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Book Review: 1000 Biker Tattoos

By Ernie Copper

Bikers and tattoos go together like bacon and eggs, so a book about biker tattoos had to be written. Accomplished photojournalist Sara Liberte has taken on the task, supplementing her abilities with the artistry and experience of co-author Chad Lemme.

As you might expect, the book opens with a point of view on what a biker is. Let’s face it, to effectively write a book on biker tattoos, that premise needs to be established. The definition need not be everyone’s cup of tea, and the “what makes a biker a biker” argument will rage on, but suffice it to say, for the purpose of this book the definition is skewed more toward the hardcore side and less toward the weekend warriors.

1000 Biker Tattoos, Sara Liberte, Chad Lemme

1000 Biker Tattoos, Sara Liberte, Chad Lemme

We are also given a basic history of tattoos from the Polynesians to World War II veterans. Shortly after the Big One, the biker and the tattoo were married and have lived as happily ever after.

An interesting chapter on brand loyalty explains that co-author Lemme was actually paid by Advanced Armament to tattoo their logo on his back; capitalism at its best. Some may question the spirit of being tattooed for pay, but if it were all about the art and the essence would there be any flash? Would there be any tattoo shops or would there just be a bunch of benevolent tattoo artists roaming the street looking for anyone wanting to create a lasting memory? What’s good for the artist is good for the collector. The authors stop just short of criticizing others for having Motor Company logo tattoos for no remuneration—free advertising if you will—but of the book’s 1,000 images, at least 150 of them are Harley-Davidson-themed tattoos or artwork along with Indian- and Triumph-themed ink. Brand loyalty lives!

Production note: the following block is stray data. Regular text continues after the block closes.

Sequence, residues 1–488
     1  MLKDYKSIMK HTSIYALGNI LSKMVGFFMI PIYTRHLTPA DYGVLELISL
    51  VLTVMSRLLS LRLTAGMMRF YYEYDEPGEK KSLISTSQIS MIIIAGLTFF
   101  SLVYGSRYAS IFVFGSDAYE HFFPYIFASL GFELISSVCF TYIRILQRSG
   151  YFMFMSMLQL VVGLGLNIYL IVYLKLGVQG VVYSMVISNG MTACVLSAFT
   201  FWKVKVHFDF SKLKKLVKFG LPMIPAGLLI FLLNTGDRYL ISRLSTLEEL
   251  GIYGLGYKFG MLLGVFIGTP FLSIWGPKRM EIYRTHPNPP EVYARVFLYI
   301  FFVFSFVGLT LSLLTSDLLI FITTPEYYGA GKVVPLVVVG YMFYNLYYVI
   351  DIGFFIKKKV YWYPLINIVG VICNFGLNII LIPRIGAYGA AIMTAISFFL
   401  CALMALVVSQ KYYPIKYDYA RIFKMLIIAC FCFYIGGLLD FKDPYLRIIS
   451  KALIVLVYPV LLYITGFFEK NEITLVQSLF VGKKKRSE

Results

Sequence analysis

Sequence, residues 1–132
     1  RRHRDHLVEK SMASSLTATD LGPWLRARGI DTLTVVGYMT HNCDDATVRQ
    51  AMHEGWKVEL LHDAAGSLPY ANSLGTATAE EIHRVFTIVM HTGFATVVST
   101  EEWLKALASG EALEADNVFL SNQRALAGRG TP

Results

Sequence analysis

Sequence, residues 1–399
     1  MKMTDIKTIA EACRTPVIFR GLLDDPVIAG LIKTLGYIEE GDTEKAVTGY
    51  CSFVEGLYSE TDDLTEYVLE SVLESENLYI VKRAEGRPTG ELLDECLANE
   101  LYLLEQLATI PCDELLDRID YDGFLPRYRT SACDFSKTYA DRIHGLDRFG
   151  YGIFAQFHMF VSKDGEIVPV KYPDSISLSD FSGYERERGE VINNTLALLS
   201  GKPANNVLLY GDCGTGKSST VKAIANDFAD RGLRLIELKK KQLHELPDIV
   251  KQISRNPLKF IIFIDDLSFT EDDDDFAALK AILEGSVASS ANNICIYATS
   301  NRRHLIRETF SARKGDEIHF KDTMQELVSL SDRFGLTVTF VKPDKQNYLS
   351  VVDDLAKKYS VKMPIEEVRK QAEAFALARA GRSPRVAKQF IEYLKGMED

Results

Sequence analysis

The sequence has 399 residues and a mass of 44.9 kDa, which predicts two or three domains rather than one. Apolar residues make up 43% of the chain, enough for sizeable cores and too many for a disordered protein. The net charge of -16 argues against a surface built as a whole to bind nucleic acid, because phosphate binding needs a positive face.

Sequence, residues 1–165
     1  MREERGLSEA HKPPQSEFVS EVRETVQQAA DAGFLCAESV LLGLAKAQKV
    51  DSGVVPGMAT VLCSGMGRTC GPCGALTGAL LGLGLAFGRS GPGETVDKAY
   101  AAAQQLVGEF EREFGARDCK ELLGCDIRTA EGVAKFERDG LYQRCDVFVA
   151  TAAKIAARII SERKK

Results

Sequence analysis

There are chapters on famous tattooed bikers, Indian Larry’s famous “Question Everything” question mark tattoo, rally tattoos, tattoo art, back pieces and bodies, personal stories and more. A chapter on artist profiles give some insight into how some very famous people set off on the road to becoming tattoo artists. From a description of the tattoo process to a chapter on “Tattoo Regret,” this book covers all the bases.

If you’re interested in the history and the culture of tattoo and motorcycles, this book will likely get under your skin. The authors do a good job of achieving a balance between presenting bikers and particularly tattooed bikers as being unique, while riding the current wave of popularity among people from all walks of life. That balance is tipped from time to time with stories like that of George the Painter’s VIN number tattoo, thus proving beyond a shadow of a doubt that bikers are different, even when it comes to tattoos.

The book is filled with stories and insights and will provide the reader with something of an insider’s look into the culture of the biker tattoo. With tattoos as deeply personal as they are, each has its own story and no two are exactly the same. Who knows? It may even provide the inspiration for the reader’s next, or first, tattoo.


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